We come to the same conclusion by looking at the discount prices of crude petrol from the European benchmark Brent, by which the Urals type is accounted for as expenditure paid at the refinery in Burgas. The difference between WTI and Brent on European markets is growing as is the spread between Urals and Brent, but the minimum discounts/at least a dollar less than they should be/charged on crude oil imported by the refinery open additional opportunities for exporting revenue from the refinery. The National Revenue Agency knows everything and is keeping quiet.


Hence the conclusion that Bulgaria is detached from global trends, and the government appears not to care.


News of the interrupted development of the next stage of the Shah Deniz field produced by the main player BP – 3 is more than natural. Things have changed enormously since 3-4 years ago when Azeri gas was, if not the only, still the main hope for competition to Russian gas and supply diversification.


Recently discovered deposits in the Eastern Mediterranean exceed the discoveries in the Caspian Sea and are closer to Southeastern Europe. In addition, there are findings in the Black Sea and there is the “sea” of natural gas which is teeming towards the region from the global market for liquefied natural gas. All this is happening against the backdrop of a stagnating market for natural gas consumption in Europe.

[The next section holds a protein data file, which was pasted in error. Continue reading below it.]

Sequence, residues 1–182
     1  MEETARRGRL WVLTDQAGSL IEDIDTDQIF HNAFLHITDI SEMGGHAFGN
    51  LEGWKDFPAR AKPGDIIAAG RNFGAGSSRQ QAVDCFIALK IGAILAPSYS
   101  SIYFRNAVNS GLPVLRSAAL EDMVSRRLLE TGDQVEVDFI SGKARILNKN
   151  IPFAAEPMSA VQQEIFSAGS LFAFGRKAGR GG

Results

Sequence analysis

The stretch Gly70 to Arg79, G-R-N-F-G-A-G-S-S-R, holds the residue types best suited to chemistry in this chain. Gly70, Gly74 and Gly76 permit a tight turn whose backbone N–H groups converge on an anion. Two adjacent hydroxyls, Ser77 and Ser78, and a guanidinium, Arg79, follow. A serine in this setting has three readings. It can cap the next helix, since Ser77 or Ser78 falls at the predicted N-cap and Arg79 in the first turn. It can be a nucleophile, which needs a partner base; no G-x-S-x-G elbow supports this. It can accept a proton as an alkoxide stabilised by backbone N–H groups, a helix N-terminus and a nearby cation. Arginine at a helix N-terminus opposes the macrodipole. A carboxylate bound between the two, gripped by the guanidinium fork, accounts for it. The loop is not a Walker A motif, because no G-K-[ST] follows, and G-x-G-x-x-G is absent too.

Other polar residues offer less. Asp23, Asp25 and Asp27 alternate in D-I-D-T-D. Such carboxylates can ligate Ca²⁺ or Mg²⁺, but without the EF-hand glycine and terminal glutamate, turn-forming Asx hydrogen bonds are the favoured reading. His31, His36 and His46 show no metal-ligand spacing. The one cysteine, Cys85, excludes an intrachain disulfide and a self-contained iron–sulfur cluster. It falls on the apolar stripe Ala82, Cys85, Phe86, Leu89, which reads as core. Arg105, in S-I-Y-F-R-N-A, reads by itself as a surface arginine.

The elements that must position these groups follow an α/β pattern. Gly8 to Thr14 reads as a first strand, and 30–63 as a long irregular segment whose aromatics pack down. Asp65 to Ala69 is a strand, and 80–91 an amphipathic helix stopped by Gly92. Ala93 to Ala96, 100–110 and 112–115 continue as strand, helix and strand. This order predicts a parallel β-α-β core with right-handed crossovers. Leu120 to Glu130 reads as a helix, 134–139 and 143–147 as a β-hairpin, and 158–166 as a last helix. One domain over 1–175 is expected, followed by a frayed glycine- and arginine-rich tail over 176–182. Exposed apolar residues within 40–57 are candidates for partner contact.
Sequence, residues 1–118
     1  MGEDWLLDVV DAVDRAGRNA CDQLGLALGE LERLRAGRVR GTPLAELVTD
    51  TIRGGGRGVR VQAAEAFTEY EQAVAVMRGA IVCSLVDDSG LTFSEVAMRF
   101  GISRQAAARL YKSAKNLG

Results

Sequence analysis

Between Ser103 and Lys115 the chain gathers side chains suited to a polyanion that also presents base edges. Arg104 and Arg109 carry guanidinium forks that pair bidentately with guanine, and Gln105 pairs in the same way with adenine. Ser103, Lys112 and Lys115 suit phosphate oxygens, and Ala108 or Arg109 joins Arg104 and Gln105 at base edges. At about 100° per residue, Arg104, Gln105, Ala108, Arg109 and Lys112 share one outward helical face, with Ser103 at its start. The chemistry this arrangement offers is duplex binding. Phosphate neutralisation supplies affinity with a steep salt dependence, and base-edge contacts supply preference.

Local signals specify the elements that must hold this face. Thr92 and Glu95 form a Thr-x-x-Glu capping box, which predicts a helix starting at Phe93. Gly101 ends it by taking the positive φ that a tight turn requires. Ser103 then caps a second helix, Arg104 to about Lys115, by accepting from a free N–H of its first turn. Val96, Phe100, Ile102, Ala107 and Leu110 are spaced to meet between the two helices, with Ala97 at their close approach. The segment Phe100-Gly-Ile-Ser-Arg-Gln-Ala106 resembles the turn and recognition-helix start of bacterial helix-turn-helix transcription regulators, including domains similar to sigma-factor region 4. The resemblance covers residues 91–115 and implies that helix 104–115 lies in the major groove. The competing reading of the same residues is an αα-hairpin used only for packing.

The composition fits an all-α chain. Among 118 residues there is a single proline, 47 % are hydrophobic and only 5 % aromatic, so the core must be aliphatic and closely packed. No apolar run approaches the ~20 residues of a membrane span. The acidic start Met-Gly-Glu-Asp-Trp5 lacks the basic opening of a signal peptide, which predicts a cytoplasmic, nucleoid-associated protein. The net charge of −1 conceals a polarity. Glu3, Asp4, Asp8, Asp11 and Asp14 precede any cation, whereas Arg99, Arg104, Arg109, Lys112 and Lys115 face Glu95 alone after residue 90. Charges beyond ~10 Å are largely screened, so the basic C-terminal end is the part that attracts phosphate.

In summary: Azeri gas has lost its exclusive status and this inevitably affects the economics of the development of new deposits. This in its turn affects the economy and the related infrastructure. The effects are yet to be measured and evaluated.


Good news for buyers and consumers.


The information from the UK that if they win the next election, Laborites and their next government will ban hydraulic fracturing (fracking) in opposition to the efforts and support for onshore oil and gas industry, is not news. The relationship between parties of the left and environmental movements, both in total negation of fracking and in general of the future of natural gas, is not news either. Socialism as well as the uncritical apologetics for renewable energy sources, deprived of any business logic, comes to an end when leftist governments lose their access to public money, i.e. other peoples’ money, in the words of Baroness Thatcher.


Enforcing renewable energy sources outside market logic including by totalitarian bans on competitive or complementary energy sources and removing key segments from the energy chain is the reason behind the declining competitiveness of European companies and European economy. Of course, this is not of great importance to Labor and other socialists; for them it is more important to build new highways to the future and say what is allowed and what is not.